This article was originally published in Maclean's Magazine on February 19, 1996
Iqaluit: Future CapitalInside Iqaluit's Navigator Inn, delegates to a northern telecommunications conference are taking a spin on the information highway. The room is buzzing with talk of accessing the Internet, videoconferencing and otherwise "wiring" the Arctic. Outside it is -30° C, with a bracing wind that makes it feel more like -50° C, and the sun is already setting even though it's only 3 p.m. The climate is a constant reminder - like the jet-black ravens circling overhead and the caribou roaming the cliffs above town - of the harsh, beautiful land surrounding this modern community of 4,000 on the southern tip of Baffin Island. And while the contrasts may seem jarring to an outsider - the primordial Arctic meets the global village - to people like Iqaluit Mayor Joe Kunuk, who participated in the daylong high-tech conference, it is all part of an inexorable march to the future. "The leap we've made from hunting and gathering to the life we have now, it's amazing," says the 36-year-old Kunuk. "The key is that we've kept adapting."
Adapting. It's a buzzword among the Inuit, and for good reason. When the whalers came, the Inuit joined their crews; when the missionaries arrived, they adopted their religion; and when, over the past four decades, the government bureaucrats moved in, the Inuit abandoned their hunting posts for tiny Arctic settlements like Iqaluit and began to live according to the rhythms of the wage economy. Now, they are preparing to make perhaps their biggest leap yet: the establishment, in 1999, of the new Inuit-dominated territory of Nunavut (meaning "our land" in Inuktitut), a swath of almost one million square miles of tundra and sea ice - roughly a fifth of Canada's land mass - that is being carved out of the existing Northwest Territories. At the centre of the action is Iqaluit, which in an Arctic-wide plebiscite in December was chosen by a 60-40 margin over Rankin Inlet to become the capital of the emerging territory.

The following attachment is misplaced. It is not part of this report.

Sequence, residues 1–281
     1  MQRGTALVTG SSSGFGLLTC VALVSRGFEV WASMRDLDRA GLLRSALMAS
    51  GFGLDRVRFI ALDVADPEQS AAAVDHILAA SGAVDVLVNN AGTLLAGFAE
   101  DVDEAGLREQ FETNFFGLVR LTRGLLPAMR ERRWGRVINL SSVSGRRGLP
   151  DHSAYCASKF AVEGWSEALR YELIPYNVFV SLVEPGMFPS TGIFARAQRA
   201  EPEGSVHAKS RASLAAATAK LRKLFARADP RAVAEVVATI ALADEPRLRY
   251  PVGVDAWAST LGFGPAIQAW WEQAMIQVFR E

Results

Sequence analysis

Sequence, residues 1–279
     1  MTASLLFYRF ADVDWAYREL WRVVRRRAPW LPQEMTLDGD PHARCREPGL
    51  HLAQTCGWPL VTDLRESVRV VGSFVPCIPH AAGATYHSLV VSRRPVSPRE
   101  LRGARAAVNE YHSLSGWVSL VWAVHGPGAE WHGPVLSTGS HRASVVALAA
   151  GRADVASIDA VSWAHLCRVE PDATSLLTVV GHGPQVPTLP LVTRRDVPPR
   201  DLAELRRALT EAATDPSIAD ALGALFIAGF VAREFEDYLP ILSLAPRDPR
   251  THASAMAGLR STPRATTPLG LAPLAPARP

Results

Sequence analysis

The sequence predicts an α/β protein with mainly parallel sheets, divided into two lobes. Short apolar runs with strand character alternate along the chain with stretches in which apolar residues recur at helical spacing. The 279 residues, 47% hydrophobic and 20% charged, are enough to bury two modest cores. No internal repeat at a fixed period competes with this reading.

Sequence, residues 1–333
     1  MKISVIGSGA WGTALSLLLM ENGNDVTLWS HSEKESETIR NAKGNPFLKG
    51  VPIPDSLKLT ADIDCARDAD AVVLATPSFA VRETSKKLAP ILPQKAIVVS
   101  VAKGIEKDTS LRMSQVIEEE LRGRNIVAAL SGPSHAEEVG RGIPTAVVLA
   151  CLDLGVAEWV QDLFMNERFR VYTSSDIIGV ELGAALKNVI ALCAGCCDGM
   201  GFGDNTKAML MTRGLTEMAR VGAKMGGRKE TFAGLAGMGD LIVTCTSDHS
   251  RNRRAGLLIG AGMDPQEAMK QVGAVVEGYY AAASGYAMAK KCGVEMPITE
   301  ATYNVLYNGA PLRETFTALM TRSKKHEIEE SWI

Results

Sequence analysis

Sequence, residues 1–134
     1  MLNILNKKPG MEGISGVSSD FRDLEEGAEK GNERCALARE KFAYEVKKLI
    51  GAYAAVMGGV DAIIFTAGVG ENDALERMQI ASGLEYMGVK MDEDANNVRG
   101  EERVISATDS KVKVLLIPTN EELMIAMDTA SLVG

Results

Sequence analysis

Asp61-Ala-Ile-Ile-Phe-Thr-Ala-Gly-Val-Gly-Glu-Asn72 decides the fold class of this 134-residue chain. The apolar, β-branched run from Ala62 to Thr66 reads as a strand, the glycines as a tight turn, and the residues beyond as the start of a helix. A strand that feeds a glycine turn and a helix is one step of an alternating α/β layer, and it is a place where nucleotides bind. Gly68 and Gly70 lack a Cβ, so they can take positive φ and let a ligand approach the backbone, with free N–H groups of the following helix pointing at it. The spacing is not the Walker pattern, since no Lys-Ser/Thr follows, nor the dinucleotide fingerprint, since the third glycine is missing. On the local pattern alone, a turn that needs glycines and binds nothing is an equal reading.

Until recently, Iqaluit was known to the outside world (if it was known at all) as Frobisher Bay, named for the British explorer Sir Martin Frobisher, who landed in the area in 1576 mistakenly thinking he had discovered the Northwest Passage to the Orient. Among Frobisher's exploits was the abduction of several Inuit, whom he took to England to parade before the Royal Family - and then left to die of disease. Unimpressed by that legacy, the town opted in 1987 to adopt the community's traditional Inuit name, which means "many fish." For southern-based journalists, the name change proved problematic: following the norms of English grammar, they tended to insert an extra "u" and spell it "Iqualuit." The change is a source of some consternation among residents since, under that spelling, the town's name is transformed into a vulgar term that roughly translates as "big rear end."
Iqaluit's modern history began during the Second World War, when Ottawa gave the United States permission to build a local airbase to refuel supply planes headed for Europe. Later, as federal programs were transferred to the territorial government, Iqaluit became an administrative centre for the Eastern Arctic. The town has grown twentyfold since the war years, making it by far the largest community in Nunavut - a region that, for all its vast expanse, is home to only about 25,000 people. It also boasts many of the amenities that smaller northern centres lack, including a swimming pool, a private racquetball club and a 34-bed hospital.
The choice of Iqaluit as capital of Nunavut - which brings with it prestige but the prospect of only about 100 new government jobs - was not without its critics. In northern circles, Iqaluit has long had a reputation as a hard-drinking, sometimes violent, town. Linked to Montreal, 1,205 air miles to the south, by daily jet flights, and to the smaller Baffin Island communities through a number of regional carriers, the town is a key distribution point not only for food and other staples, but also for smuggled booze and drugs. And compared with the smaller settlements, where alcohol is tightly restricted, the drinks flow fast and furious in Iqaluit's bars and licensed restaurants. During the recent plebiscite campaign, Iqaluit's critics sometimes raised the spectre of the "sin city" of the Arctic becoming the standard-bearer for the new Inuit homeland.